I'm sure I know what BMAD was saying.  Yes, ignore the units / squared units difference.  The problem doesn't involve a circle though.  You need to find a function f(x) such that the area under the curve between two points is the same as the arc length between those two points along the function.  Here the arc length is like the length of a string representing the function cut at the two points.

    How to find the arc length of a function:

      Hide contents

    If the function was a straight line, you could use the Pythagorean theorem to find it.

    sqrt( (y2-y1)^2 + (x2-x1)^2 )

    If you assume the arc length was a straight line, and slowly bring the points on the function closer together, eventually you get the change in y approaching the slope of the line times the difference in x's.

    The arc length for that infinitesimally small section is then sqrt( ( f'(x)dx )^2 + dx^2 ) = sqrt( dx^2 * (f'(x)^2 + 1 ) = sqrt(   f'(x)^2 + 1 ) dx.  Where f'(x) is the derivative of f(x).

    Integrate that between two points to get the arc length between those two points.

    Example: f(x)=2x

    f'(x) = 2

    integrate( sqrt( 2^2 + 1 ) dx ) = integrate( sqrt(5) dx) = x*sqrt(5) + c

    If you evaluate the integral between 0 and 1 you end up with arc length =  sqrt(5).  Which is the same as if you just used the Pythagorean theorem.  Yeah, I'm too lazy right now to find a function that ends up with a nice arc length function that isn't just a straight line.

    Restatement of problem using previous spoiler:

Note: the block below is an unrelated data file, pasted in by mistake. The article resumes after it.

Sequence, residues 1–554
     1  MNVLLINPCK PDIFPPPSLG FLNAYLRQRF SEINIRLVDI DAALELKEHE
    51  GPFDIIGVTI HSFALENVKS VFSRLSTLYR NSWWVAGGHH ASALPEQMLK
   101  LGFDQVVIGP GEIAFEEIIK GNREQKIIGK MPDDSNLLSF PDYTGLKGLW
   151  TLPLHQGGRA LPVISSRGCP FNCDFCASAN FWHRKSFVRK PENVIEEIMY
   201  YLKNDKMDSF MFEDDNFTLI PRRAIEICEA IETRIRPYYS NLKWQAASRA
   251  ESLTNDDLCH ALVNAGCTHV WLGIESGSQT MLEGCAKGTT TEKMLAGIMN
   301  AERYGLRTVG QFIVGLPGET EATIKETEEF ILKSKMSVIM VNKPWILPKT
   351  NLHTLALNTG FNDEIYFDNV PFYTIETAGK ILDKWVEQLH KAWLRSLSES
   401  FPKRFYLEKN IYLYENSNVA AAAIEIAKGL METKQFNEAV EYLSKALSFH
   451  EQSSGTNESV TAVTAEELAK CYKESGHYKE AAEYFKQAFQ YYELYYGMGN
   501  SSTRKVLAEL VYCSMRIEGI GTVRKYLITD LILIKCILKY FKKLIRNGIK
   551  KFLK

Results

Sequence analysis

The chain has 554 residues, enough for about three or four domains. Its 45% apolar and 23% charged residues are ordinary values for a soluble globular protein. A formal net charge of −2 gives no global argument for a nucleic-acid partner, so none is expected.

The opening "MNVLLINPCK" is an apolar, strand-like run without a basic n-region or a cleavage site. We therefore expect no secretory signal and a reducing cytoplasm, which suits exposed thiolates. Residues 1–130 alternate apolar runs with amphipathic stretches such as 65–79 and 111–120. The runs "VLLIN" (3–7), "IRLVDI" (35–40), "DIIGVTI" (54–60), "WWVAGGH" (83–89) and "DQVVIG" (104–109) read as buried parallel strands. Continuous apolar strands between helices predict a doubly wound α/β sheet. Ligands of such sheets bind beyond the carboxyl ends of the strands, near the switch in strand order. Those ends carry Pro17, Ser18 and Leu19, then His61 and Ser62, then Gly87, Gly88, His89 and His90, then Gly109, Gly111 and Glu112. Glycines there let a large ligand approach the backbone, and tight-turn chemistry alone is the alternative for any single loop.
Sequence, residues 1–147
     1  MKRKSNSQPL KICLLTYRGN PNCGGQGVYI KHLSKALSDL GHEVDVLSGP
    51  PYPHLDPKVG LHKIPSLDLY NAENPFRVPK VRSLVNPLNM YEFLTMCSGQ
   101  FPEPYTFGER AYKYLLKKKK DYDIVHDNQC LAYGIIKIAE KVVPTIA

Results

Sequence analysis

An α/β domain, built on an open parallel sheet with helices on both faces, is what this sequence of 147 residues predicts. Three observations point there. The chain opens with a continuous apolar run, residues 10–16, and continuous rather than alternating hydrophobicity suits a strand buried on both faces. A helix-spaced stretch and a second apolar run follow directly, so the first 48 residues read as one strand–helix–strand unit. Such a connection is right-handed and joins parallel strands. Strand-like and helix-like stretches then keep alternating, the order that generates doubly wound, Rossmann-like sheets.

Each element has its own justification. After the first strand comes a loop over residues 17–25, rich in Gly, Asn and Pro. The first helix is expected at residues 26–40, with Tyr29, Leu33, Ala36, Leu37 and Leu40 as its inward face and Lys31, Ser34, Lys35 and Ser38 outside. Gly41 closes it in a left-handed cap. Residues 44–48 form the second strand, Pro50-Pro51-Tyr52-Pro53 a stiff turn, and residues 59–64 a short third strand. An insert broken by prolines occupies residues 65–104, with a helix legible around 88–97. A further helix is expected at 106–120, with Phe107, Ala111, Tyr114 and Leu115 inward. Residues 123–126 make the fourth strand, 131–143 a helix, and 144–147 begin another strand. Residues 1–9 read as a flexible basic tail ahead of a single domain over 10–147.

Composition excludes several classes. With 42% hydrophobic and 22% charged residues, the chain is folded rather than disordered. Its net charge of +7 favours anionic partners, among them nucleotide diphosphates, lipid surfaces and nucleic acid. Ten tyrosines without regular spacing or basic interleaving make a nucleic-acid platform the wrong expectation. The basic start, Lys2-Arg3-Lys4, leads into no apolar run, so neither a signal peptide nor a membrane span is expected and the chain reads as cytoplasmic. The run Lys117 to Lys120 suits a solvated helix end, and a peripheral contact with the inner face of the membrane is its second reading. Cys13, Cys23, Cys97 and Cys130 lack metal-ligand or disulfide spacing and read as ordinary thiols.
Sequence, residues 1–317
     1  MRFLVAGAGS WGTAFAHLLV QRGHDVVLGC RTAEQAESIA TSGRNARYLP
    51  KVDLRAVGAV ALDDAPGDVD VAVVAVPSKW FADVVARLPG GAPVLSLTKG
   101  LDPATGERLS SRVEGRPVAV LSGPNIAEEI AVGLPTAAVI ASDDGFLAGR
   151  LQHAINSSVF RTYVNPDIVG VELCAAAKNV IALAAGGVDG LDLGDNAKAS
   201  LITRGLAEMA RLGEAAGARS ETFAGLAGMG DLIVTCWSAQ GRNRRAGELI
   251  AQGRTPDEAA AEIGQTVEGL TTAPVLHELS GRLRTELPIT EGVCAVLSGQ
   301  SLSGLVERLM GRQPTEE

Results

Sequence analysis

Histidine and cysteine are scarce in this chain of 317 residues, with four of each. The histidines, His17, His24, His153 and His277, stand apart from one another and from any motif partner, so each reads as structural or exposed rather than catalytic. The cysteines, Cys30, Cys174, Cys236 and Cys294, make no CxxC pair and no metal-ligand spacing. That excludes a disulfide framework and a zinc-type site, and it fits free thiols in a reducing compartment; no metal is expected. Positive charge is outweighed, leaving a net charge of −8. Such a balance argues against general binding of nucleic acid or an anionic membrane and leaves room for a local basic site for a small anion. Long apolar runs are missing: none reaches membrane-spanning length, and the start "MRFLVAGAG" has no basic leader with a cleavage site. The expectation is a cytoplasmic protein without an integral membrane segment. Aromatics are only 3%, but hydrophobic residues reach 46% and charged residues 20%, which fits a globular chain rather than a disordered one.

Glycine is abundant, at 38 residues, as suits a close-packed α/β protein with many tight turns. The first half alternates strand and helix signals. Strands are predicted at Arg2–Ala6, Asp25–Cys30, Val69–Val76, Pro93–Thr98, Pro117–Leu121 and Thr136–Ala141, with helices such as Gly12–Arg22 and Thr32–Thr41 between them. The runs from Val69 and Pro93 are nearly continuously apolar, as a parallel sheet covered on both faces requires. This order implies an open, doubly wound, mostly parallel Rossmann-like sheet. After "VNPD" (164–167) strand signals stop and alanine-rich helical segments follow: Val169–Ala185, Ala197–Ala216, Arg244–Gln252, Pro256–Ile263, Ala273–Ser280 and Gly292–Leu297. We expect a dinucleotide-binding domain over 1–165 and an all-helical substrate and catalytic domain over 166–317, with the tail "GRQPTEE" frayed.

Hide contents

    Find a function f(x) such that F(x) = integrate( sqrt( f'(x)^2 + 1) ), where F(x) is the indefinite integral of f(x) and f'(x) is the derivative of f(x).

    One step further:

      Hide contents

    Taking the derivative of both sides gives

    f(x) = sqrt( f'(x)^2 + 1)


    One answer is simple, the other is less so.

    yes, this is what I mean.

  6. James and Mike are running in a race.  They both walked and ran for part of the rate.  They each walked and ran at the same speed.  James ran for half the distance and walked for half the distance.  Mike ran for half of his time and walked for half of his time.  Who finished first?

  7. On 12/15/2018 at 4:16 PM, CaptainEd said:

    I think not: please check my counting

      Hide contents

    In what follows, the rubber band’s path goes on the outside of the nails marked “x

     o o o o o o o
     o o o o o o o o x
     o o o o o o o o
     o o o o o o o
     o o o o o o
     o o o o o x
    N = 43
    P = 21 + sqrt(5)
    S = 62: (5x5:1, 4x4:4, 3x3:10, 2x2:18, 1x1:29)